Blake Fitch was born in Rochester, NY. Fitch received her BFA on full scholarship from Pratt Institute, with a major in photography and minor in photo history. After graduating she studied photography and art and technology at the Art Institute of Chicago before earning her masters degree in Arts Administration from Boston University. She works as a fine art and editorial photography out of Boston, MA.
Fitch has photographed extensively in the United States and Central and South America. Her work has focused on themes of: identity, adolescence, civil rights, and belonging.
The quality and breadth of her imagery has enabled her to receive a variety of grants and sponsorships including support from Kodak and Calumet Photographic. Her work has been exhibited internationally and is held in the collections of several museums, including the Museum of Fine Arts, Houston, The George Eastman House of Photography and the Worcester Art Museum. She is represented by ClampArt in New York and Catherine Couturier Gallery in Houston, TX.
Additionally, Mrs. Fitch served as the Executive Director of the Griffin Museum of Photography in Winchester, MA from 2002-2007, making the museum a preeminent resource devoted to the exhibition of photography. She continues to curate independently and teaches photography at the New England School of Photography and Anderson Ranch Arts Center.
Adolescence is a time for identity play, a time to try on various masks in the journey toward self-discovery and adulthood. Through our imaginations we perceive endless possibilities, but slowly awaken to the realities of resistance. For some, racial and gender barriers may become more evident, and dreams begin to give way to doubts.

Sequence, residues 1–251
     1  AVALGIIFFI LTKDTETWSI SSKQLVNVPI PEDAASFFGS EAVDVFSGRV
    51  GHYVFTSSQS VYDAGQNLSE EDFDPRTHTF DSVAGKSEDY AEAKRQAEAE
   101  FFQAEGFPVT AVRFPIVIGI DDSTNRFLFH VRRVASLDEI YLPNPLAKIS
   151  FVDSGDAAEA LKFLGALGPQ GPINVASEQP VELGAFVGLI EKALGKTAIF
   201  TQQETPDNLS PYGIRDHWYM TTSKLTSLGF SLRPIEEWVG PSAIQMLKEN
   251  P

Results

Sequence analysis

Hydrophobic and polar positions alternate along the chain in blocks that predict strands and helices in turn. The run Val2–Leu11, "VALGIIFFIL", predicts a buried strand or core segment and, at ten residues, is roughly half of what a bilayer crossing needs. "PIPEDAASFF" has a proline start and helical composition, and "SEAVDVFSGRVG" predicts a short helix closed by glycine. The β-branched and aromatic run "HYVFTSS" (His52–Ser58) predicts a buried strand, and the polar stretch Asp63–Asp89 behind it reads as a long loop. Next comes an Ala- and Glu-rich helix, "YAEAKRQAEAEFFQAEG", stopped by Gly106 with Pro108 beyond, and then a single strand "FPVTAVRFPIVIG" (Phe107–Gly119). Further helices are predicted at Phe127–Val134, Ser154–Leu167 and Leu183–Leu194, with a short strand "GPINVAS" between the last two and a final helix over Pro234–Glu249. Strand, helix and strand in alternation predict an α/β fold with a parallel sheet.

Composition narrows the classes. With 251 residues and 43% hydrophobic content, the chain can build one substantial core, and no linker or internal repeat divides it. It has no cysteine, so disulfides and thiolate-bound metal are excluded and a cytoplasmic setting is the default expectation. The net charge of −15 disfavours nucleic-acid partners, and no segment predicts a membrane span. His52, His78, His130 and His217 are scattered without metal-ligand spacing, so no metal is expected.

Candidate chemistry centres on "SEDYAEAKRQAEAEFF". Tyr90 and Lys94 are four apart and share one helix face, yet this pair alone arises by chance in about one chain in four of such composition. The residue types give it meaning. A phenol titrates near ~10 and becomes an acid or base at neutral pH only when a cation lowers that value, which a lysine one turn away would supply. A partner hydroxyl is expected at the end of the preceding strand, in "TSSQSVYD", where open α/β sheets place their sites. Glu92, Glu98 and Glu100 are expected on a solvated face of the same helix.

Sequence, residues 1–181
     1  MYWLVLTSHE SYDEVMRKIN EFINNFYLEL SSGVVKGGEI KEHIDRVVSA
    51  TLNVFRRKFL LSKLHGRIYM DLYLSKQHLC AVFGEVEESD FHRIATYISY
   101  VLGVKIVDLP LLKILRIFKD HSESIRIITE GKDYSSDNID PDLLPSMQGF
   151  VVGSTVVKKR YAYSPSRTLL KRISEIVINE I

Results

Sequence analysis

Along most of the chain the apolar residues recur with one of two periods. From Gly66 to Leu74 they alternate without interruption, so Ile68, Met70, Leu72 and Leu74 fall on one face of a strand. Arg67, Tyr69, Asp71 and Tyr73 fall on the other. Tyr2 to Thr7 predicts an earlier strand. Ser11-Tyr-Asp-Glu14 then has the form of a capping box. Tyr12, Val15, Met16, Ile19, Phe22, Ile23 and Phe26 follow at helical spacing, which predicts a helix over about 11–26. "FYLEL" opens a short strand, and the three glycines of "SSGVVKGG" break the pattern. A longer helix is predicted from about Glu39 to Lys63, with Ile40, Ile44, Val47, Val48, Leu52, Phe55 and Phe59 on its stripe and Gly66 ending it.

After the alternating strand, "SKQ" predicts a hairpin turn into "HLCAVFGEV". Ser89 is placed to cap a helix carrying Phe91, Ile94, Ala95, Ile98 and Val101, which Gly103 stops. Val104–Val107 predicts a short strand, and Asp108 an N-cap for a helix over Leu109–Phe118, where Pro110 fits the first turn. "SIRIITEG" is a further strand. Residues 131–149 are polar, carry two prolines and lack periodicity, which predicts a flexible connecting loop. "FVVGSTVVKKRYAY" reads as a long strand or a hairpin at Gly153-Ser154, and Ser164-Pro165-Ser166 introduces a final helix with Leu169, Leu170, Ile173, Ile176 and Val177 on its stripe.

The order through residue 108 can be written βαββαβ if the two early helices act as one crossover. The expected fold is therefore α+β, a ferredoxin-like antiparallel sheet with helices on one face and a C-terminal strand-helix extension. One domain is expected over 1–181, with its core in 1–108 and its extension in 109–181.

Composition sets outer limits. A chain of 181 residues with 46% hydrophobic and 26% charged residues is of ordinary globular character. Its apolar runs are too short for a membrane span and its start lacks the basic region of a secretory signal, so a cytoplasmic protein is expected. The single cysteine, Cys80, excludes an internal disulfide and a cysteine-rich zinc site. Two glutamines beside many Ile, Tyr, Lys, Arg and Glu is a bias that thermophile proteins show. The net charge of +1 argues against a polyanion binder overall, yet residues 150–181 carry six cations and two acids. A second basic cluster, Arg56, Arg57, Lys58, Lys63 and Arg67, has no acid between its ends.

Adolescence is often a period of insecurity and alienation. For girls in particular, identities are formed around the opinions of others. As a result, their behaviors are dictated by external perceptions rather than internal desires.
In addition to home and academic pressures, societal pressures can heighten anxiety to never-before experienced levels. Goals become compromised and achievements seem less accessible.
In this project, over a span of nine years, I have explored the physical and emotional changes that accompany this phase of a girl’s life in America. My focus has been on my youngest sister and cousin. I hope to have captured the simple moments in her search for her own identity as it becomes publicly displayed—at a dance recital or simply by the way she looks at herself in the mirror—and then subsequently informs the various traits that are either incorporated or discarded on the way to becoming an adult. It is these moments where we quietly witness the delicate transition from girlhood to womanhood.
Museum of Fine Arts, Houston
The George Eastman House of Photography
The Worcester Art Museum.